The Aeneid as Space of Poetic Negotiation
The Aeneid, written to establish a link between Augustus and the gods and justify the enormous imperial expansion Augustus was undertaking, is indeed a story of empire. Yet the epic tells that story in a complex way, laying the groundwork for current events, pointing out the pitfalls encountered along the way, and perhaps most importantly, using the medium of poetry to articulate what the potential for empire might be.
The Harvard School has been epitomized as foregrounding the dark side of the Aeneid: the so-called pessimistic versus optimistic approaches to the poem. Characterizing the critical approach this way, though, is to reduce it to a foil made inevitable, in a sense, by a reading that emphasizes the glory that was Rome: the founding of the empire came with a large price tag. To approach the epic as a poem, by contrast, is to allow it to play out—and with—unresolved possibilities, to emphasize the poetry of the Aeneid, as Michael Putnam urged through the title of his first book. Putnam's methodology was unabashedly New Critical as it highlighted echoes, self-citations, and figures of speech within the epic and across Vergil's oeuvre. In so doing, Putnam opened the door to reading the Aeneid as poetry, as he foregrounded the ways in which Vergil's lines disturbed the message and were both epic and elegiac in nature. Three contemporary lyric poets with whom I have discussed the Aeneid at length, Rosanna Warren, Mark Strand, and David Ferry, respond to the Aeneid precisely because of its elegiac nature. Warren's poem "Turnus," dedicated to Putnam, speaks of the gaping hole Aeneas and Vergil rip in the end of the poem with Turnus' death:
Here's where you tear a hole in the poem,a hole in the mind, here's where the russet glare [End Page 106] of ships aflame and the pyre and the amethyst gleamfrom the boy's sword belt rise and roil in a blur.
Strand wrote of Vergil that he was "the first great gardener in the landscape of grief" and his favorite passage was the empty paternal embrace of Aeneas and Anchises in the underworld. Ferry too finds loss in an embrace: his reading of the end of book 2 evokes both the death of his wife Anne—his Creusa, his Eurydice—and his understanding of the lyric as a medium where something is always left behind. The sense of loss that permeates their readings of the poem echoes that of Putnam, among now many others.
Another poet, Joseph Brodsky, once wrote me that he preferred the Georgics to the Aeneid, presumably because he felt, as a Russian expat, that a poem about empire had to be propagandistic.1 Certainly the Aeneid is often presented that way. Yet poetry can also be a locus of political debate, especially if the debate is as much about conflict as it is about imperial expansion. Think, for instance, of the highly successful current Broadway musical Hamilton, which uses history set in the contemporary medium of hip-hop to deconstruct the interpretation of events past and present. Vergil did no less, and in the Aeneid uniquely combines the Greek epic tradition with the Hellenistic lyric: arguing for political truths by foregrounding the poetic and exploring the poetic possibilities of political situations, of poetry as engaged in politics and empire. The Aeneid is poetry, not propaganda for and against: its great strength lies in its unwillingness to be pinned down on one side or the other. Even the resolution is a compromise, and even that compromise asks more questions than it answers.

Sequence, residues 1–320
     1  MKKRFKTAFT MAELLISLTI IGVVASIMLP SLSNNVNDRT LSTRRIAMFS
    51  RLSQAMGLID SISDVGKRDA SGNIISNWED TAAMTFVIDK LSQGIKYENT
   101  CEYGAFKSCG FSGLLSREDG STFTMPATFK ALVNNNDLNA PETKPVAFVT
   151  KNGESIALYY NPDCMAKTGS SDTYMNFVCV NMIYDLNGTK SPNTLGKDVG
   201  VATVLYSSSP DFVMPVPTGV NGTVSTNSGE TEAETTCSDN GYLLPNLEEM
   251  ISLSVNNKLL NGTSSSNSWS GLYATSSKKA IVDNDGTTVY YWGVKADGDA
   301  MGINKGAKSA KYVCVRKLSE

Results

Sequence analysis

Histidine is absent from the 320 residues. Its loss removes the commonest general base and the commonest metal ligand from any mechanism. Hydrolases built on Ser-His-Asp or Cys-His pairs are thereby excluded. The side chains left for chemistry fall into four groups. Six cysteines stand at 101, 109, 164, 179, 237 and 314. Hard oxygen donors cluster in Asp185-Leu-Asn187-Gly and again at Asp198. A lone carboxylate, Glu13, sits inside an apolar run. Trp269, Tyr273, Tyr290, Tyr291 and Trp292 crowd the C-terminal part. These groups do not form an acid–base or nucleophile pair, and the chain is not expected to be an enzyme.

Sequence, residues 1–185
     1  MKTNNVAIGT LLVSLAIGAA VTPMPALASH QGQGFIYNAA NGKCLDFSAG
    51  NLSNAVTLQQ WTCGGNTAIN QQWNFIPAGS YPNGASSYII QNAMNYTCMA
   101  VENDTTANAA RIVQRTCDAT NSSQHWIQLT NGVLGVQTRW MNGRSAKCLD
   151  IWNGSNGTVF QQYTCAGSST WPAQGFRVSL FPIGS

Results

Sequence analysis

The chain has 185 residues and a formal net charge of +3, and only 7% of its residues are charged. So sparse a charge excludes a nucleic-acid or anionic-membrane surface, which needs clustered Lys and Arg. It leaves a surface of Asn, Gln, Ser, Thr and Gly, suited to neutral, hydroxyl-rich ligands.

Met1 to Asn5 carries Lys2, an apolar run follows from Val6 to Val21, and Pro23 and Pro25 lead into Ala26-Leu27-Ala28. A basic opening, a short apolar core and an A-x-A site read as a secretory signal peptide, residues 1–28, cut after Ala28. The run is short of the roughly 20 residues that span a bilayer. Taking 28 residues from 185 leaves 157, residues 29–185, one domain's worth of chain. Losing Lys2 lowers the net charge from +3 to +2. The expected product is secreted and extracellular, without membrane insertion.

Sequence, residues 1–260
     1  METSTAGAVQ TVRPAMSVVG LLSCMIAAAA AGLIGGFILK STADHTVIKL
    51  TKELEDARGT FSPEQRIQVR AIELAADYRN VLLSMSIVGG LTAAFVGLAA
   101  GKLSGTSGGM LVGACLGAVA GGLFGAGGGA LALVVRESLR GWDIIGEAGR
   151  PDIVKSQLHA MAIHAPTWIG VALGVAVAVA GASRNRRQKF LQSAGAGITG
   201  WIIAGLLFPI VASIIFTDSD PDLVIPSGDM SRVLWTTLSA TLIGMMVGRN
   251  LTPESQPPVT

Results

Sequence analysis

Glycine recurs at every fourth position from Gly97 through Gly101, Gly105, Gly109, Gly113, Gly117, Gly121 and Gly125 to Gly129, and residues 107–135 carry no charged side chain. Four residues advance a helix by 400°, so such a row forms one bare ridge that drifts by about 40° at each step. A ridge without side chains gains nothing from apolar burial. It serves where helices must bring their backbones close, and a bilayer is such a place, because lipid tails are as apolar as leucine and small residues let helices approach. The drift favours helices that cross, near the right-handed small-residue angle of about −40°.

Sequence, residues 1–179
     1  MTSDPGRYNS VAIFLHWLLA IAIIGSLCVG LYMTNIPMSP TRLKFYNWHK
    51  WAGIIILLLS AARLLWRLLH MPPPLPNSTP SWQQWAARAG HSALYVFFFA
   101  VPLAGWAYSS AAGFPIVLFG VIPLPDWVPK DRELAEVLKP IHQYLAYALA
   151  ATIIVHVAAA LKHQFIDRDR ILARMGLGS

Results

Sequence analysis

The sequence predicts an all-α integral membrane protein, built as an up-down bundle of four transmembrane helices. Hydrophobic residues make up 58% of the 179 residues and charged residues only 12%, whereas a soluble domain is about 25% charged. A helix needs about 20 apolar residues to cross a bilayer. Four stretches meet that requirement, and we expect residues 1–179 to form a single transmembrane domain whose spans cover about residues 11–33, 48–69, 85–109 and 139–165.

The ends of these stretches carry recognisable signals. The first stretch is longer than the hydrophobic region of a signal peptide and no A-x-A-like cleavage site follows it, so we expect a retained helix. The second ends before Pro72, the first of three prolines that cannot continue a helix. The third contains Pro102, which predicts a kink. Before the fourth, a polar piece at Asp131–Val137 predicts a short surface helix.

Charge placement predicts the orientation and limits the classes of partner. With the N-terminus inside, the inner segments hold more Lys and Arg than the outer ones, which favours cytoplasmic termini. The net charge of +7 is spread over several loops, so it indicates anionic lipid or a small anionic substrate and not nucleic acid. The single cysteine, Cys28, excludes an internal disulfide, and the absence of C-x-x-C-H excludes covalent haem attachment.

New Criticism works best when exposing the lyric issues of a work, as an approach that complicates the plot through attention to the lexical elements of the poem. As an epic, the Aeneid cries out for an approach that projects these finds onto the political landscape. To my mind, Vergil argues for the importance of poetic negotiation in the framing of political systems. Empire rises from many sources, but in Vergil's hands, epic poetry offers a space for political deliberation. The Aeneid is not so much a poem about the costs of empire—or its glory—as it is a celebration of the capacity of poetry to debate and negotiate empire's highs [End Page 107] and lows. Neither pro- nor anti-imperial, the Aeneid as a poem offers glimpses of the complex web of contingencies that engages both sides: of the beauties of the new land at Carthage and the sorrow of the Troades on Sicily who have seen too many new lands; of the deaths of Dido and Turnus and the survival through it all of Aeneas and Ascanius; of the overbearingness of Jupiter and of his careful consolation of Venus. These are complex characters in real-life scenarios, not allegories in barren landscapes, and their decisions and choices are enriched by indecision and doubt.
This particular approach may not be that of the Harvard School, since it denies the preeminence of loss and argues instead for the presence of ongoing debate, but it would not have been possible without the insistence of those readers, and the poets who followed their lead, on the poetic and often elegiac nature of the Aeneid.
1. Letter from summer 1994. For more on Joseph Brodsky, see Torlone 2015 and in this issue.